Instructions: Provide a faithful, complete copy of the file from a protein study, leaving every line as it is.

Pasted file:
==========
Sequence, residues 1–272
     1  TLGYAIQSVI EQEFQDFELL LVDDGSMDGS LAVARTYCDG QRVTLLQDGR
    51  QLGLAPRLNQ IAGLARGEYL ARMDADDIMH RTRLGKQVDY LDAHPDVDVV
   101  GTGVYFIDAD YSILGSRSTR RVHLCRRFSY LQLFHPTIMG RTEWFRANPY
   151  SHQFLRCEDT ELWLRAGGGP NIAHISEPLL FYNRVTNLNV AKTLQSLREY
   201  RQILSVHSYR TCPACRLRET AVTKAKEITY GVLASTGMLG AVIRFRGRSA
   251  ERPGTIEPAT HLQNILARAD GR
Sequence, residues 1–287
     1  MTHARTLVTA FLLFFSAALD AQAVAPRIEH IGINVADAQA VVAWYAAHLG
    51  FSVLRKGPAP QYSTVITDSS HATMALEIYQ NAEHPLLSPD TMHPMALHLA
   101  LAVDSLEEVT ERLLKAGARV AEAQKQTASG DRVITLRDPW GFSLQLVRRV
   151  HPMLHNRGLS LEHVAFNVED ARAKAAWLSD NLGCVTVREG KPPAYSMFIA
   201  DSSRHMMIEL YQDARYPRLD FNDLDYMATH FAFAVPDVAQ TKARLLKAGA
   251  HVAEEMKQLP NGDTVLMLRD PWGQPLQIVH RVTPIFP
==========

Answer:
Sequence, residues 1–272
     1  TLGYAIQSVI EQEFQDFELL LVDDGSMDGS LAVARTYCDG QRVTLLQDGR
    51  QLGLAPRLNQ IAGLARGEYL ARMDADDIMH RTRLGKQVDY LDAHPDVDVV
   101  GTGVYFIDAD YSILGSRSTR RVHLCRRFSY LQLFHPTIMG RTEWFRANPY
   151  SHQFLRCEDT ELWLRAGGGP NIAHISEPLL FYNRVTNLNV AKTLQSLREY
   201  RQILSVHSYR TCPACRLRET AVTKAKEITY GVLASTGMLG AVIRFRGRSA
   251  ERPGTIEPAT HLQNILARAD GR
Sequence, residues 1–287
     1  MTHARTLVTA FLLFFSAALD AQAVAPRIEH IGINVADAQA VVAWYAAHLG
    51  FSVLRKGPAP QYSTVITDSS HATMALEIYQ NAEHPLLSPD TMHPMALHLA
   101  LAVDSLEEVT ERLLKAGARV AEAQKQTASG DRVITLRDPW GFSLQLVRRV
   151  HPMLHNRGLS LEHVAFNVED ARAKAAWLSD NLGCVTVREG KPPAYSMFIA
   201  DSSRHMMIEL YQDARYPRLD FNDLDYMATH FAFAVPDVAQ TKARLLKAGA
   251  HVAEEMKQLP NGDTVLMLRD PWGQPLQIVH RVTPIFP